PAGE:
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Affluencers, PR marketing to wealthy influencersIn developing new product promotion campaigns, marketing and PR professionals may wish to focus on a particular subgroup of influencers who have excess money to spend and significant sway within their personal networks.

Companies have long-sought wealthier customers. New research from Ipsos contends that some affluent consumers hold a powerful sway of the spending habits of other consumers.

Ipsos defines the affluent as adults living in households with at least $125,000 in annual household income. That’s the top 16% of American households. Affluencers represent 71 percent of affluent customers, or affluents.

They tend to spend more than others. While ordinary affluents spend 2.6 times more than non-affluents, affluencers spend 3.6 times more.

Experts on Buying and Shopping

Their influence over others’ purchasing and shopping decisions is especially attractive to marketers. People turn to affluencers for advice. Almost all affluencers (97 percent) agree that “people often ask my advice” on purchases and shopping.

“While most marketers have understood that the affluent audience is important due to their buying power and purchase behaviors especially in luxury and high-ticket categories, we’ve found that their influence is felt in nearly every category,” said Michael Baer, SVP and head of Affluent Intelligence Group, Ipsos Connect.

Affluencers are typically early adopters of new technology and the first users of innovative services. They tend to purchase vehicles with the latest technology and are more willing to go on vacations off the beaten track.

In addition, affluencers on average consume more media than general affluents. Affluencers seek advice as well as give it. Affluencers are respected as experts because they are well informed. Most research products online, and many read print publications.

How to Reach Affluencers

Marketers can gain their attention by satisfying that thirst for information. Produce buying guides, Q&A pages, advice columns and other informational content that feeds their desire for knowledge, advises Internet Retailer. Create a valuable “resource library” of content that helps educate and entertain them.

Make sure they can easily share the content online. Getting affluencers to talk about your brand is about driving engagement through relevance; and like any good social media marketing, relevance is key in driving your brand, states Wild Minds Agency.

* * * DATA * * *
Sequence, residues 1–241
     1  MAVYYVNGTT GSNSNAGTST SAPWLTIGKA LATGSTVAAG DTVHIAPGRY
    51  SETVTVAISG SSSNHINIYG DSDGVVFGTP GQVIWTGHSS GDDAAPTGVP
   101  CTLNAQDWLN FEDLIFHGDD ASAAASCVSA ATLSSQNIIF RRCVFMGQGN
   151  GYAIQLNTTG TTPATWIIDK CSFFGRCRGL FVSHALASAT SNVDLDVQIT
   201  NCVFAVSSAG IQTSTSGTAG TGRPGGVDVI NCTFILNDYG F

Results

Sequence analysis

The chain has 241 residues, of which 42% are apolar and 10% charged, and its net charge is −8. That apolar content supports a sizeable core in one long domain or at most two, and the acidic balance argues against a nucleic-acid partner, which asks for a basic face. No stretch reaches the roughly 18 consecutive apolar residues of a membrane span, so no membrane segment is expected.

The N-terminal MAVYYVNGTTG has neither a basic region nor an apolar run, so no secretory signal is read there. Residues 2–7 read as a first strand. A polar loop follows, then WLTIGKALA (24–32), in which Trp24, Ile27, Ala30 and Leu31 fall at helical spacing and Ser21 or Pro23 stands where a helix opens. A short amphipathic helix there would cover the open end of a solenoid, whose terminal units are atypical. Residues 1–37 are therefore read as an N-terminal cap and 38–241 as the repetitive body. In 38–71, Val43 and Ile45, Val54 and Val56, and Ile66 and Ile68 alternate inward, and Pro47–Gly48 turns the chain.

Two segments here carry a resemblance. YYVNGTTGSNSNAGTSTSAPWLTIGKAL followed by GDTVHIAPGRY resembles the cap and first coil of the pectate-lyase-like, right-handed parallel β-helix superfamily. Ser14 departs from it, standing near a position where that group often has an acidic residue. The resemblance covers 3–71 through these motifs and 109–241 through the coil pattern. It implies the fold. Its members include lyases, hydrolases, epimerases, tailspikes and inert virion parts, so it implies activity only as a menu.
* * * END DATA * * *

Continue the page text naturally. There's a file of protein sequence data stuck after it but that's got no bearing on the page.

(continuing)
Consider the age range of affluencers. Values, preferences and behaviors differ between age groups. Millennial affluencers are more likely to respond to messages with social benefits (fitting in, being admired, etc.) while boomer affluencers focus more on personal benefits.

Testing is critical to find the best message and creative. Vary headlines, images, media types, messages, and adapt presentations to different devices. Don’t be afraid to change messages and presentations frequently.

Employ social media analytics to learn what people, and especially affluencers, are saying about your company and its products. A social media analytics tool can report who is mentioning your brand, measure sentiment, and reveal the most valuable influencers mentioning your brand. Marketers can create messages that affluencers and other types of influencers share by learning what types of content they now share.

Bottom Line: Affluencers sway purchasing decisions of other consumers across a broad range of categories. The affluent influencers are trend setters. They’re eager to research and try innovative products and services. Other people turn to them for purchase advice. With those traits, it’s easy to see why PR pros and marketers want to reach them.

William J. Comcowich founded and served as CEO of CyberAlert LLC, the predecessor of Glean.info. He is currently serving as Interim CEO and member of the Board of Directors. Glean.info provides customized media monitoring, measurement and analytics solutions across all types of traditional and social media.